New York City is Sweet with Rooftop Honey


You may think of New York City as a concrete jungle with not much to offer in the way of nature. If you think like this, you are wrong. There are many rooftop gardens and even beekeepers in this city in addition to parks and other green spaces. Some people use their gardens as escapes and other decide to make further use of them by keeping bees.

Naomi Sarna

Naomi Sarna, a gem carver, loves to enjoy her garden she has on her rooftop. She is in heaven amongst her vegetables, fruits, plants and bees. Heaven on earth is how she described it as she was interviewed by CBN News. Naomi is not alone in her love of beekeeping as many hundreds of New Yorkers enjoy this activity.

Andrew Cote

"A lot of people get into beekeeping because they just want a little ocean of calm," stated Andrew Cote. He founded the New York City Beekeepers Association. One place that Cote has his hives is atop the Bridge Cafe. In addition, he has other hives on top of the Waldorf Astoria Hotel along with other balconies and rooftops throughout New York City.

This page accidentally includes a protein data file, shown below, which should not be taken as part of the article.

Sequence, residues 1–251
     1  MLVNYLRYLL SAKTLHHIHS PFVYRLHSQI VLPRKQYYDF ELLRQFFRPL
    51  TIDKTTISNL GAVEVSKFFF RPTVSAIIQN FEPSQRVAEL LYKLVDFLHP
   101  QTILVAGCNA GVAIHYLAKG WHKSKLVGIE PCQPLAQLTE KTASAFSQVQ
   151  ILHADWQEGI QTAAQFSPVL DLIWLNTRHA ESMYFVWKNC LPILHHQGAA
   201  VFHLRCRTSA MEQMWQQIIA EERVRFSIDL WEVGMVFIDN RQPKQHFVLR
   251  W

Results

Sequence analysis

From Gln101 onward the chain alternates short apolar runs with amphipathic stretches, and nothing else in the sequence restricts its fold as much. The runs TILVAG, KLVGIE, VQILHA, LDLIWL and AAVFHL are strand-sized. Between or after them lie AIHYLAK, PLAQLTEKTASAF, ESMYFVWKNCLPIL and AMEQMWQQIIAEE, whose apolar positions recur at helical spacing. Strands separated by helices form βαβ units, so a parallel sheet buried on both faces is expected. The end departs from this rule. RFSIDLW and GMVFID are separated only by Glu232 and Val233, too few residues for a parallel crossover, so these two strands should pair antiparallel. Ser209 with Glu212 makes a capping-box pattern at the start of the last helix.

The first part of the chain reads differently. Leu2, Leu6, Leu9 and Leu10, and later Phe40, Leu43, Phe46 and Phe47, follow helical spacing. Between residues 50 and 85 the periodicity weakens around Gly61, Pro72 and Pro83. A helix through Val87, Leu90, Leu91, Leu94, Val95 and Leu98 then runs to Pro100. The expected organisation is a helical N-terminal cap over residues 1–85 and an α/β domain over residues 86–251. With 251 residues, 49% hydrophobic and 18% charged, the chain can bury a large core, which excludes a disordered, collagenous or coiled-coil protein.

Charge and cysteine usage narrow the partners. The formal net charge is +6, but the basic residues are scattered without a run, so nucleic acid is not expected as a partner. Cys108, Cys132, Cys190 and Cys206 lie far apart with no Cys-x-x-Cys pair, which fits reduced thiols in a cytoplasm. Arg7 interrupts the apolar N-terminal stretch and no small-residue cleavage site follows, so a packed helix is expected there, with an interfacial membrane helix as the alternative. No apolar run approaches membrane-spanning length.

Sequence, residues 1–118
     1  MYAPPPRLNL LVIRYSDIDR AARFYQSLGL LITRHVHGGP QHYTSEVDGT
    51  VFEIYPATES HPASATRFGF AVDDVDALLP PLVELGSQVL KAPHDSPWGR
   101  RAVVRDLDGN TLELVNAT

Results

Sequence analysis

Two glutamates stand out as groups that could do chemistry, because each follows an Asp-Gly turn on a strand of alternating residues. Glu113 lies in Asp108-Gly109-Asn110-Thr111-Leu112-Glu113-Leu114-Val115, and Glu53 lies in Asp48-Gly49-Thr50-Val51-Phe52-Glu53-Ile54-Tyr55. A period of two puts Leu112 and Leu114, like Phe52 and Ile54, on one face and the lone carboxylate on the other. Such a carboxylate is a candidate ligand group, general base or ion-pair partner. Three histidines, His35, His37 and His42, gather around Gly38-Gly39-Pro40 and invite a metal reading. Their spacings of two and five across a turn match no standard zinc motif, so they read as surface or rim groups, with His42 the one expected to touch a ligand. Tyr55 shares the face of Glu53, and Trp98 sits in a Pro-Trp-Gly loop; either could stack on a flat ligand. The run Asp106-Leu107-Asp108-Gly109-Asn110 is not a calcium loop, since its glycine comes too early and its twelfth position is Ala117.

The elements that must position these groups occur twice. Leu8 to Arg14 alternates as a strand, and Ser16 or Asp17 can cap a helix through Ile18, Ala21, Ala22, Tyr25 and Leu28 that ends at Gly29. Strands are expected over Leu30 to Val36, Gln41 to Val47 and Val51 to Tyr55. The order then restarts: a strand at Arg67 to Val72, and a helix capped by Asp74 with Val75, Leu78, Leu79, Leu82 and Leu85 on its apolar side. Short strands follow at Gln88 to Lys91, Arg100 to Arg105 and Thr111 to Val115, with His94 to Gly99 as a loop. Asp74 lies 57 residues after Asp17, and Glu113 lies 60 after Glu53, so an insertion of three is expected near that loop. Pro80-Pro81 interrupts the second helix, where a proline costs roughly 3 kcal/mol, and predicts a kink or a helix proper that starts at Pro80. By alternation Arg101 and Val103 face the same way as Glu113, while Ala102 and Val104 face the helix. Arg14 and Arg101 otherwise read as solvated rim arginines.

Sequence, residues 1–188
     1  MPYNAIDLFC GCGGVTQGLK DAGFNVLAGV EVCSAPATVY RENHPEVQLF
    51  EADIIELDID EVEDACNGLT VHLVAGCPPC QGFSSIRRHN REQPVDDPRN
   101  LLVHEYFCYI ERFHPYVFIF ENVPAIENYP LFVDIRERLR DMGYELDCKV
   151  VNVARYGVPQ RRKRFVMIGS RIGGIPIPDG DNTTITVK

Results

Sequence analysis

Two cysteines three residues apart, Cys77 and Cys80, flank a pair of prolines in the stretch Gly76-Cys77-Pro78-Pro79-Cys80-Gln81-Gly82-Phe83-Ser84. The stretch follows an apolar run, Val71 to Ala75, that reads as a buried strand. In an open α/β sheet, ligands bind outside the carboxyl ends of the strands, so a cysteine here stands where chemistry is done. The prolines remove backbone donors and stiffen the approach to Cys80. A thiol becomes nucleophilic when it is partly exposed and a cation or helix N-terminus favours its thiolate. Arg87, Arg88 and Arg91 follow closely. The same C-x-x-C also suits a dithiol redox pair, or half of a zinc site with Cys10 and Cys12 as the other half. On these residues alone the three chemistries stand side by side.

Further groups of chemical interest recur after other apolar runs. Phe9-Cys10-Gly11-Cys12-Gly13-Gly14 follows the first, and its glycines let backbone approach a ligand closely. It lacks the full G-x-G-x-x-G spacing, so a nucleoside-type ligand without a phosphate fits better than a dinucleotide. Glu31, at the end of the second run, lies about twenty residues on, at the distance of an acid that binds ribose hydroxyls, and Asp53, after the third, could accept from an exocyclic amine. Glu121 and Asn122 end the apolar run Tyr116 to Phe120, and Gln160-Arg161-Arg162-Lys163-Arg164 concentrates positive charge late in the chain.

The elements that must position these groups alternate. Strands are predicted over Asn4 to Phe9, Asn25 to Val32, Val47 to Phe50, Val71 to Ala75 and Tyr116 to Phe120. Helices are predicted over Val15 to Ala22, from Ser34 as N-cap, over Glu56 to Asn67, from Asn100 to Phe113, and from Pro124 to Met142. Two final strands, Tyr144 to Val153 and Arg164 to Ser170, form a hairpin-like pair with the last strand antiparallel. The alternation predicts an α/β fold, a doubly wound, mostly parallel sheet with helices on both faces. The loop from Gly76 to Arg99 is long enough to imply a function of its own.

According to Cote, most people think of a beekeeper as some retired man or old man that keeps beehives in his yard. However, also as per him, there are a variety of people in New York City, who keep bees, including an attorney, a professor and a psychiatrist among others.

Local Honey and Restaurants

The flavor of the local honey can attract customers for the Bridge Cafe and other restaurants. "We put things on the menu where we say 'rooftop honey' and people say, 'Oh, which rooftop?' And from there we tell them it's ours," says Adam Weprin, the Bridge Cafe owner.

He also went on to explain that the honey can vary in flavor depending on where it comes from in New York City. If it comes from around the cafe, it has a bit of mint, citrus and orange in its flavor, because of the linden trees.

Beekeepers Don't Always Get Stung

Most beekeepers would agree that there is only minimum maintenance requires with keeping bees. Several hours on a weekly basis during the early fall, spring and summer is all it takes. This is a big plus for busy New Yorkers. There is only one negative and that is that beekeepers could be stung. However, any of the beekeepers, who spoke to CBN news, said the stings are a rare occurrence. The bees are more interested in nectar and pollen than in humans.